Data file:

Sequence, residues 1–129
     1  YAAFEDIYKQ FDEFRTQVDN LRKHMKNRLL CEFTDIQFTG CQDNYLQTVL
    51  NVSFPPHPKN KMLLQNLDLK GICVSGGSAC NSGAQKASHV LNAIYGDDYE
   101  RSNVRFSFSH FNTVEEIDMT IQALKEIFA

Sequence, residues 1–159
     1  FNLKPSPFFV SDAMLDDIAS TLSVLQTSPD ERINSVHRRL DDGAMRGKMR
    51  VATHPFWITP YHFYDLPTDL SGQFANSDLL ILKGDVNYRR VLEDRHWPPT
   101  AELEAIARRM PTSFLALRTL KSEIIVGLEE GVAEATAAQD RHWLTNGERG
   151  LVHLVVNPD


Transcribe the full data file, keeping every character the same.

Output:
Sequence, residues 1–129
     1  YAAFEDIYKQ FDEFRTQVDN LRKHMKNRLL CEFTDIQFTG CQDNYLQTVL
    51  NVSFPPHPKN KMLLQNLDLK GICVSGGSAC NSGAQKASHV LNAIYGDDYE
   101  RSNVRFSFSH FNTVEEIDMT IQALKEIFA

Sequence, residues 1–159
     1  FNLKPSPFFV SDAMLDDIAS TLSVLQTSPD ERINSVHRRL DDGAMRGKMR
    51  VATHPFWITP YHFYDLPTDL SGQFANSDLL ILKGDVNYRR VLEDRHWPPT
   101  AELEAIARRM PTSFLALRTL KSEIIVGLEE GVAEATAAQD RHWLTNGERG
   151  LVHLVVNPD